This will be a boon to architecture historians who currently have to squint through viewing reels of microfilms, or worse, turn the crumbling pages of 100 year-old newspapers, to find information on the structures reported on in the papers. Representatives from Ball State University Libraries will be on the project's advisory group.
From the Indiana State Library's press release:
The National Endowment for the Humanities (NEH) has awarded a $293,157 grant to the Indiana State Library to digitize Indiana’s historically significant newspapers. Indiana joins 25 states participating in the National Digital Newspaper Program (NDNP), a partnership between the NEH, the Library of Congress and participating states to provide enhanced access to American newspapers published between 1836 and 1922. Newspapers digitized as part of this two-year project will be included in the Library of Congress’ Chronicling America Database (http://chroniclingamerica.loc.gov/).
“This grant is crucial to the State’s efforts to provide optimal public access to Indiana’s historical documents and cultural heritage,” said Jim Corridan, State Archivist and Associate Director of the Indiana State Library. “The State Library houses millions of copies of historic Hoosier newspapers and this initiative will enable Hoosiers instant access to these collections via the internet.”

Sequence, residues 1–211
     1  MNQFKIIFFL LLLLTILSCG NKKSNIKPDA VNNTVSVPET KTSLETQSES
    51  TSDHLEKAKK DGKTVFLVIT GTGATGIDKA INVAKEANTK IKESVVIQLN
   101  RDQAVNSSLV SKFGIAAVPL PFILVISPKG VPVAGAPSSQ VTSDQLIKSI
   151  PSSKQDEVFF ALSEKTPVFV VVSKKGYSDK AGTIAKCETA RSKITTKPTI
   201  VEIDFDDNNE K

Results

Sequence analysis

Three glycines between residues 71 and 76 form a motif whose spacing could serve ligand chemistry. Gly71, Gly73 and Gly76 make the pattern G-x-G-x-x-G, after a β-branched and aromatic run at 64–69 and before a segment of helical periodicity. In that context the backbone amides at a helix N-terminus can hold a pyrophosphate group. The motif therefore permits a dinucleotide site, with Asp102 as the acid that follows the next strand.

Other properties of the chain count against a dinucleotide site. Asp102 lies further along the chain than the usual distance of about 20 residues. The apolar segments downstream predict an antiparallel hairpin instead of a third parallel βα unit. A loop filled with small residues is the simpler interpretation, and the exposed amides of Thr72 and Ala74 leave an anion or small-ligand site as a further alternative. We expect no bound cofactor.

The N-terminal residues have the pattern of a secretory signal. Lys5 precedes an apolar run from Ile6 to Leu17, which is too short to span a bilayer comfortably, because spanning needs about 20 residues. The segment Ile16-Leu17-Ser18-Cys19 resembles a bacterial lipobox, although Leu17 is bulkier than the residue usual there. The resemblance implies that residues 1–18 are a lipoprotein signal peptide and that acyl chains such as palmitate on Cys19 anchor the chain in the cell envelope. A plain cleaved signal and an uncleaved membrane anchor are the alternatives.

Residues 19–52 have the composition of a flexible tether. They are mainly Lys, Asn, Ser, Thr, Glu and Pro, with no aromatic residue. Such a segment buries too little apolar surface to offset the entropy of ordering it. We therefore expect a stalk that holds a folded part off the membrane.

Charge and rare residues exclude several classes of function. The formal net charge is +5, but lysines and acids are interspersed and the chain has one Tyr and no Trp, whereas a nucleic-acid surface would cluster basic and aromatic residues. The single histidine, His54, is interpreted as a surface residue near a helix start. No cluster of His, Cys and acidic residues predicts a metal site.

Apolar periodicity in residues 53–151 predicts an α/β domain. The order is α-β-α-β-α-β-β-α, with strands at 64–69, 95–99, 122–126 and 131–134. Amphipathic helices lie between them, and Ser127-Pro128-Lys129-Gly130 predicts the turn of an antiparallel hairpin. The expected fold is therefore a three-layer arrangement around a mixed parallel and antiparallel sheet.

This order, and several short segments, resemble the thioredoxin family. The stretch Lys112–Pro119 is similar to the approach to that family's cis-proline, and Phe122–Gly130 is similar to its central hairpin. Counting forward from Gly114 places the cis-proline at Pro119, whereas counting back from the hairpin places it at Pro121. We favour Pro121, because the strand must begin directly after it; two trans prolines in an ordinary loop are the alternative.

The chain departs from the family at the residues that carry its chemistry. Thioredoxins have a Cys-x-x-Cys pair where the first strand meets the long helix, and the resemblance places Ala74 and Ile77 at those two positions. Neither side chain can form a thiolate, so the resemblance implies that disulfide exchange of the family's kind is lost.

The Indiana State Library will be assisted on the project by an advisory group of representatives from the Indiana Commission on Public Library, the Indiana Historical Bureau, Ball State University, the Hoosier Press Foundation, the Indiana Historical Society, the Indiana University School of Journalism and Indiana University Purdue University Indianapolis. The advisory group will develop criteria for inclusion of historic papers and ultimately select the newspapers to be digitized.
In addition to the Indiana papers presence in the Chronicling America Database, the digitized papers will also be available through Indiana Memory (http://www.indianamemory.org/) – a collaborative effort to provide access to the wealth of primary sources in Indiana libraries, archives, museums, and other cultural institutions. Indiana Memory's mission is to create and maintain a digital library that enables free public access to Indiana's unique cultural and historical heritage. Through information and pictures found in digitized books, manuscripts, photographs, newspapers, maps, and other digital materials available on the Indiana Memory website, the program seeks to enhance education and scholarship of Indiana's past. As a portal to the collections, Indiana Memory assists individuals to locate materials relevant to their interests and to better appreciate the connections between those materials.